In 2019, individuals that identified as Black represented 13.4% of the U.S. population, 12.5% of the undergraduate student enrollment population and 7.1% of the medical school population. Subsequently, this has yielded a 5% Black physician population and workforce consisting of just 2.3% Black male physicians (AAMC, 2018). The disproportionately low Black physician representation contributes to greater healthcare disparity outcomes within the U.S. Black population. This study is centered on the post-positive characteristics of Black male medical students that have successfully overcome barriers to entry and matriculated into medical school. The phenomenological post-positive study was conducted through the lens of Self-Efficacy Theory and Critical Race Theory. This qualitative study utilizes a phenomenological approach and semi-structured interviews to collect the steep, rich-lived experiences of the participants (Siedman, 1991). A purposive sampling and snowballing sampling methodology was used to acquire a six-participant sample population of Black male medical students. An in-depth review of the data revealed seven emerging themes associated with Black male students overcoming barriers to matriculate into medical school: 1) Educational Cost, 2) Honors College, 3) Motivation, 4) Support, 5) Academic Excellence, 6) Diversity and Inclusion, and 7) AMCAS Application Process. Higher education institutions, higher education practitioners and Black male premedical students would benefit from the findings outlined in the study. Future research should center on comparative studies focused on the role of the honors college, PWI and HBCU medical institutions and cultural variances among Black subcultures.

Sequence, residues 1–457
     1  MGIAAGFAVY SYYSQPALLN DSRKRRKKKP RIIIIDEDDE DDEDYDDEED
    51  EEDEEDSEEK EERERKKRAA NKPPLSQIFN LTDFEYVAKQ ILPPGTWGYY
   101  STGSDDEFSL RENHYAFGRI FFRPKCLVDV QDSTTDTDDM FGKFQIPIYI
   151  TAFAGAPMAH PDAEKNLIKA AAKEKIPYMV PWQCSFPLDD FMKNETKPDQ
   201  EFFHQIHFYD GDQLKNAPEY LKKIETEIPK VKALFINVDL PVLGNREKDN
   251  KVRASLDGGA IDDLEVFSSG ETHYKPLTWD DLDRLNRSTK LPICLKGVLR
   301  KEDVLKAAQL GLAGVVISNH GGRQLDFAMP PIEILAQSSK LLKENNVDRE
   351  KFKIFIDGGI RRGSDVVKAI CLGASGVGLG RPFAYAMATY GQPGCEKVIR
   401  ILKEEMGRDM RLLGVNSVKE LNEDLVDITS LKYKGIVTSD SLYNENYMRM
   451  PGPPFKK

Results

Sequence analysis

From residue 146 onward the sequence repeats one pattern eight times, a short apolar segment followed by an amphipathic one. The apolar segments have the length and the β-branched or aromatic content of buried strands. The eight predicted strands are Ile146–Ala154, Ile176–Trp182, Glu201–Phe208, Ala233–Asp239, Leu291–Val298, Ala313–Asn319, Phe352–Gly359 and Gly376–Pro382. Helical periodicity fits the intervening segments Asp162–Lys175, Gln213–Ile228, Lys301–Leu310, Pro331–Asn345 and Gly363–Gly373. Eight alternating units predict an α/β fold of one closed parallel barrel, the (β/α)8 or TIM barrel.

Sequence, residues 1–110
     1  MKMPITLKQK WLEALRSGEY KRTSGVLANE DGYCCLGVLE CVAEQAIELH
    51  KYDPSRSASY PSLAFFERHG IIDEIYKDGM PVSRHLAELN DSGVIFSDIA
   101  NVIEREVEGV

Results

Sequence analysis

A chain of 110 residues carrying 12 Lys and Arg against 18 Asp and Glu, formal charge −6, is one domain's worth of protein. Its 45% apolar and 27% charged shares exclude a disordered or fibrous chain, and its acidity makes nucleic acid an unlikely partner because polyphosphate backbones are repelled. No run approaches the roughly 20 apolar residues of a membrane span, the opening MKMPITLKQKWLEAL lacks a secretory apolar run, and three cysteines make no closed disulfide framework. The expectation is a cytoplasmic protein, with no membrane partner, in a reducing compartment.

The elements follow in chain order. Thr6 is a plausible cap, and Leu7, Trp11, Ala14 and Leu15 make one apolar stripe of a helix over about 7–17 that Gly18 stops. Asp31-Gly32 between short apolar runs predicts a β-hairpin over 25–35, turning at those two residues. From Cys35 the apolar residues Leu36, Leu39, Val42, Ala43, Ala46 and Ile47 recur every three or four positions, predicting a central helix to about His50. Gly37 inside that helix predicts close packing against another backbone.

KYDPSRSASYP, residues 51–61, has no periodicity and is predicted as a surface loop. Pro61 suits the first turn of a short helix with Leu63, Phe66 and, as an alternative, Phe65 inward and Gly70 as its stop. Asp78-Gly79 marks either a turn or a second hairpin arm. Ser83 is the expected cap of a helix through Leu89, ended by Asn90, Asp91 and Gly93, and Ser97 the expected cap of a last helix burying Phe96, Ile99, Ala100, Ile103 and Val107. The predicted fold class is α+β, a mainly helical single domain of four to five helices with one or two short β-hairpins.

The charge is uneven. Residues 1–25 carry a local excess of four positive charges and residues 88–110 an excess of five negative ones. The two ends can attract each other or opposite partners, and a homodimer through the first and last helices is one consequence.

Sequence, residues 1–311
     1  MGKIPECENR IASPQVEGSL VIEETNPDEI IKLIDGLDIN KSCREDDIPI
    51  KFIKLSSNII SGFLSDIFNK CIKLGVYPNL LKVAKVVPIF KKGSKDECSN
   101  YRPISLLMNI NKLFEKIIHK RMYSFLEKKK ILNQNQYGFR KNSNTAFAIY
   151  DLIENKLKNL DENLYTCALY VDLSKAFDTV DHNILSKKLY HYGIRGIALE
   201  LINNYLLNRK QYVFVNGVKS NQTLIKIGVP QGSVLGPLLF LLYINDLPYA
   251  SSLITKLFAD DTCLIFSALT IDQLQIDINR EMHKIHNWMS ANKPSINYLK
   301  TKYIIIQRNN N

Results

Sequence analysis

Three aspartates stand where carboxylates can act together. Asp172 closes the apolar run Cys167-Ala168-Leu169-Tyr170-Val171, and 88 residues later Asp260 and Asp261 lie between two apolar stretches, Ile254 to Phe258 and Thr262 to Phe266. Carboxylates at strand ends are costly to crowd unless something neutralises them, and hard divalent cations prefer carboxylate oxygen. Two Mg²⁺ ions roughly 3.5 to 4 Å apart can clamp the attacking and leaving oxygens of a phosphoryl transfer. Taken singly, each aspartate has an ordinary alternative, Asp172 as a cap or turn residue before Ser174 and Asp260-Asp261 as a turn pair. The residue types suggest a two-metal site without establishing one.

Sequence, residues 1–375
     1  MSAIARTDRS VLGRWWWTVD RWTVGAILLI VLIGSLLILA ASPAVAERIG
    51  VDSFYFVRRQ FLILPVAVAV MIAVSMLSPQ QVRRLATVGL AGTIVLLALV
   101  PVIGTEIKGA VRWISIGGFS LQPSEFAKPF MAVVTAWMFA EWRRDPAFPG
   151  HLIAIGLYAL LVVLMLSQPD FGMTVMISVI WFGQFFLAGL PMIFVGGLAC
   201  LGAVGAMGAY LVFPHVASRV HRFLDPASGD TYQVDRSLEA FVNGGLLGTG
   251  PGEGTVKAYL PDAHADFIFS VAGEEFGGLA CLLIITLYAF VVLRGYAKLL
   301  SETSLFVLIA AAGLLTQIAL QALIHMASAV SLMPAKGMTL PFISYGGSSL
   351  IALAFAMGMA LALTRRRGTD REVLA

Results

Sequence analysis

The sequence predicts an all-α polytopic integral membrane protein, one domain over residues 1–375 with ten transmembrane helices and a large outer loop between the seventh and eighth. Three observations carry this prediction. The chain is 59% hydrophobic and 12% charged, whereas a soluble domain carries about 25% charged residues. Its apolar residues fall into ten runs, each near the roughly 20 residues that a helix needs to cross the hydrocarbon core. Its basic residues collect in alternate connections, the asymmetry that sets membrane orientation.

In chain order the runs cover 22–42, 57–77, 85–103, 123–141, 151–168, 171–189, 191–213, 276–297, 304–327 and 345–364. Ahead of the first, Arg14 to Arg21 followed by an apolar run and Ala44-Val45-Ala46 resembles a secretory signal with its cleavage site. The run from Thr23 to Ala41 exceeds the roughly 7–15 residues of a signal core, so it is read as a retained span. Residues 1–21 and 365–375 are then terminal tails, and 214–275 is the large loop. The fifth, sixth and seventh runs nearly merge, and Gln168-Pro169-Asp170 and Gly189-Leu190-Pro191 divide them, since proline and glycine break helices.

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Doctor of Education (Ed.D.)
College of Community Innovation and Education
Educational Leadership and Higher Education
Educational Leadership; Higher Education Track
Length of Campus-only Access
Doctoral Dissertation (Open Access)
Brown, Cedric, "The Successful Characteristics That Contribute to Black Male Students Matriculating into Medical School" (2023). Electronic Theses and Dissertations, 2020-. 1524.